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Primary Outcome Measures :
  1. Bladder diary [ Time Frame: 1 week ]

Secondary Outcome Measures :
  1. Quality of Life Questionnaire [ Time Frame: 4 weeks ]

Information from the National Library of Medicine

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Ages Eligible for Study:   18 Years and older   (Adult, Older Adult)
Sexes Eligible for Study:   All
Accepts Healthy Volunteers:   No

Inclusion Criteria:

  • Clinical diagnosis of Parkinson's disease determined by a board-certified neurologist with specialty training in movement disorders
  • ≥ 4 weekly episodes of UI and at least one episode per week associated with feelings of urgency, where urgency is defined as the complaint of a sudden compelling desire to void which is difficult to defer
  • Willingness to attend clinic visits
  • Willingness to keep 7-day bladder diaries throughout the study period

Exclusion Criteria:

  • Significant cognitive impairment, as indicated by a Montreal Cognitive Assessment (MoCA) score of < 18.
  • Inability to produce an interpretable 7-day bladder diary at baseline
  • Previous intensive PFME training
  • Clinically significant depression as measured by a Geriatric Depression Scale-Short Form score ≥ 10 which could affect motivation to fully engage in the intervention
  • Use of an indwelling urinary catheter
  • Bladder outlet obstruction defined as having been prescribed in-and-out catheterization in the past 12 months, having a post-void residual urine volume by bladder ultrasound of ≥ 200 mL or a peak voiding flow rate of ≤ 4 mL/min on a void ≥ 125 mL in volume
  • Severe uterine prolapse past the vaginal introitus
  • Poorly controlled diabetes defined by a hemoglobin A1c (HgbA1c) of >8.0%
  • Chronic renal failure and on hemodialysis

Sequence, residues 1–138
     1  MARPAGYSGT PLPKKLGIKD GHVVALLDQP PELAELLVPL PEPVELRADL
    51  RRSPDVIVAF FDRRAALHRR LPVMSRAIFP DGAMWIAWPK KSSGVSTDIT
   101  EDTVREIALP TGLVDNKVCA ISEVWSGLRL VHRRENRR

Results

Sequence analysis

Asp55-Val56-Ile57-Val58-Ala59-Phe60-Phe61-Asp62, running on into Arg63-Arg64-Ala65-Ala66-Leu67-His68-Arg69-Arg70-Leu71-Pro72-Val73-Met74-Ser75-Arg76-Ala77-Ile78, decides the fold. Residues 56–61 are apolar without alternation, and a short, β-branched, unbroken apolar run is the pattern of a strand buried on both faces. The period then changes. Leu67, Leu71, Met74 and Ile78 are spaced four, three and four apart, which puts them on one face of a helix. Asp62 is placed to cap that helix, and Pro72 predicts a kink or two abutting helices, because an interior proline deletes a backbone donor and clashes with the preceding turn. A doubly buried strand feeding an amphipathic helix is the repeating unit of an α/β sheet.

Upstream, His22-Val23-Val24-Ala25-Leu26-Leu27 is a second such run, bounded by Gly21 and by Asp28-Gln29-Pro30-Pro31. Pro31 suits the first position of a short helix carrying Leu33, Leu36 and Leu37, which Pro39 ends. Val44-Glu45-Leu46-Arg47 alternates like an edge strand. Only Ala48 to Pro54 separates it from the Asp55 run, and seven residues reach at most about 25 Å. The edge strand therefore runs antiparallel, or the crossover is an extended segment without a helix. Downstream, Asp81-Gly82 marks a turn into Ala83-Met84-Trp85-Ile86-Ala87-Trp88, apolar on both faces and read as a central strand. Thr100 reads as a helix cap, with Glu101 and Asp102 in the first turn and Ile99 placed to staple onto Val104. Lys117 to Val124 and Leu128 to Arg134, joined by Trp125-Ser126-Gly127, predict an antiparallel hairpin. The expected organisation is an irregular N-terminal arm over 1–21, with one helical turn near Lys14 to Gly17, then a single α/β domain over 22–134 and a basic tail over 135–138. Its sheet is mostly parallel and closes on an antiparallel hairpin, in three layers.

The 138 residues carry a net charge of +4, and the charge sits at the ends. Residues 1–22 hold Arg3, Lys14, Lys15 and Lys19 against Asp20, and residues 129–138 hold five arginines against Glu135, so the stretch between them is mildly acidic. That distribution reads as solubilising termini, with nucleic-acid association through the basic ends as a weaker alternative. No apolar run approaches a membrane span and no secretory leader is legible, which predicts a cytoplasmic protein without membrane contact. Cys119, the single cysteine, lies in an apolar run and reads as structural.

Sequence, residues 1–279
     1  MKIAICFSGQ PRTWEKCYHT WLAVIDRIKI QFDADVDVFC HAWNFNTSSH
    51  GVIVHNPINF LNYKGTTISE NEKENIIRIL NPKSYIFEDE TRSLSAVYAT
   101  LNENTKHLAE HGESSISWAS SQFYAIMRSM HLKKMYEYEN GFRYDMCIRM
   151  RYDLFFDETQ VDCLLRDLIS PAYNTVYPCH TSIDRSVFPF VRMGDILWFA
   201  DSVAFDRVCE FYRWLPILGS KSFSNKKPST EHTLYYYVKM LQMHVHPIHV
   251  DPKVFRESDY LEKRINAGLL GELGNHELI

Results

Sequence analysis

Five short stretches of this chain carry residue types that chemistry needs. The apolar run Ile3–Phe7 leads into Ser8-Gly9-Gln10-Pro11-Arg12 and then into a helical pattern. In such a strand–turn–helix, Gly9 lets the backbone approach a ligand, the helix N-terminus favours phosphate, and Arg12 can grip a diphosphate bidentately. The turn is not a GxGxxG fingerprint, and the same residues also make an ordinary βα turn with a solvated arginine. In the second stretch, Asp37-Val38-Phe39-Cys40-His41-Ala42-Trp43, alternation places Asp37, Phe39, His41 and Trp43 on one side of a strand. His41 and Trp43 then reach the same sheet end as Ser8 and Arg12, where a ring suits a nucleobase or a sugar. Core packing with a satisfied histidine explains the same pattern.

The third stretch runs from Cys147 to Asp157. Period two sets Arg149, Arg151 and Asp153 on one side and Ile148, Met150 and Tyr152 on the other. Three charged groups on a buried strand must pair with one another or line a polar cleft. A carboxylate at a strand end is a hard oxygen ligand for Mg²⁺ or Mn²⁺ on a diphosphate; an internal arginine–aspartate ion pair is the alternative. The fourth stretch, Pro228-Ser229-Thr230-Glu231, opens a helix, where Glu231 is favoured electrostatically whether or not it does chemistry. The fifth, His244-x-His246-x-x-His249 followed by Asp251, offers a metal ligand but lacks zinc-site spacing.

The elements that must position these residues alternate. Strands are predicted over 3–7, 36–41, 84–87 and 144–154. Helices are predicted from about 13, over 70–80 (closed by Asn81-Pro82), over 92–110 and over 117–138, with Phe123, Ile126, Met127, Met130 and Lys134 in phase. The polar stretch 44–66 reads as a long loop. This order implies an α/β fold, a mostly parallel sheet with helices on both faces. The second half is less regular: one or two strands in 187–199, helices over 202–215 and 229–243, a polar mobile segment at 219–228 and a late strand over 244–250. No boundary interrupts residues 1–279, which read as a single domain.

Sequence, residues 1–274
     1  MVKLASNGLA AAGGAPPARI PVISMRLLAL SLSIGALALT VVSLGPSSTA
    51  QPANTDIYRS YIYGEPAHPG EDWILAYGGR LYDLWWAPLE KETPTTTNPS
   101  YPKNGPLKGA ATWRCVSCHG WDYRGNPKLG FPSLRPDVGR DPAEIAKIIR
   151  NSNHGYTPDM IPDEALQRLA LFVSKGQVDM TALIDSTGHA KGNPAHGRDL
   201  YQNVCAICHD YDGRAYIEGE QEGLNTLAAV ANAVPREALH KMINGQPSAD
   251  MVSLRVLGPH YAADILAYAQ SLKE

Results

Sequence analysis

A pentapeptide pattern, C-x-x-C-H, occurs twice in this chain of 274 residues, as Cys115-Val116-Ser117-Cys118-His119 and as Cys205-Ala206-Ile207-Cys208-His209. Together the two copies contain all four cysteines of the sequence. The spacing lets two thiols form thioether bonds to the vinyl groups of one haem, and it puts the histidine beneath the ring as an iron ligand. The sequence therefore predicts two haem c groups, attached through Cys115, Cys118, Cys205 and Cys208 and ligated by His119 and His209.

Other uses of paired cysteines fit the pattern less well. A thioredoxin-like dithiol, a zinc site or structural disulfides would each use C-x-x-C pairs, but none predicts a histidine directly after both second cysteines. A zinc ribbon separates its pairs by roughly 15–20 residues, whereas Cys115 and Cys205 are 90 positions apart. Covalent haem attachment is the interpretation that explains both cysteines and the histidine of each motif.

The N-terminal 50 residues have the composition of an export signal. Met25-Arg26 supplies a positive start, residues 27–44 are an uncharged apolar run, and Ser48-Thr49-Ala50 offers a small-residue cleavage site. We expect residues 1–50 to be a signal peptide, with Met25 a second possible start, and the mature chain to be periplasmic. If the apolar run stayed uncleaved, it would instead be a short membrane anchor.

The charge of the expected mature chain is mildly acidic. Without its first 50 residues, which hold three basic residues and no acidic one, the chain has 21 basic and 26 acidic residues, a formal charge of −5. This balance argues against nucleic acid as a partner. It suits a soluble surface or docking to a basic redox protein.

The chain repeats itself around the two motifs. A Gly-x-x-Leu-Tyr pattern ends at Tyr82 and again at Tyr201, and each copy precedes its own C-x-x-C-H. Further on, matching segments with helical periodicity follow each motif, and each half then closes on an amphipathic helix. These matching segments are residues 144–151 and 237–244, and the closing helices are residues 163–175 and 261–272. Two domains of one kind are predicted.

• Poorly controlled congestive heart failure or poorly controlled chronic obstructive pulmonary disease on physical exam
  • Genitourinary cancer with ongoing surgical or external beam radiation treatment
  • Any unstable health condition expected to result in hospitalization or death within in the next 3 months as determined by principal investigator.

Information from the National Library of Medicine

To learn more about this study, you or your doctor may contact the study research staff using the contact information provided by the sponsor.

Please refer to this study by its identifier (NCT number): NCT01520948

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United States, Alabama
Birmingham VAMC
Birmingham, Alabama, United States, 35233
United States, Georgia
Atlanta VA Medical Center
Decatur, Georgia, United States, 30033
Sponsors and Collaborators
Atlanta VA Medical Center
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Principal Investigator: E. Camille Vaughan, MD, MS Atlanta VAMC/Emory University

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Responsible Party: Camille Vaughan, MD, Staff Physician, Atlanta VA Medical Center Identifier: NCT01520948     History of Changes
Other Study ID Numbers: D7892W
First Posted: January 30, 2012    Key Record Dates
Last Update Posted: January 10, 2018
Last Verified: January 2018
Keywords provided by Camille Vaughan, MD, Atlanta VA Medical Center:
Parkinson disease
Additional relevant MeSH terms:
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Parkinson Disease
Urinary Incontinence
Parkinsonian Disorders
Basal Ganglia Diseases
Brain Diseases
Central Nervous System Diseases
Nervous System Diseases
Movement Disorders
Neurodegenerative Diseases
Urination Disorders
Urologic Diseases
Lower Urinary Tract Symptoms
Urological Manifestations
Signs and Symptoms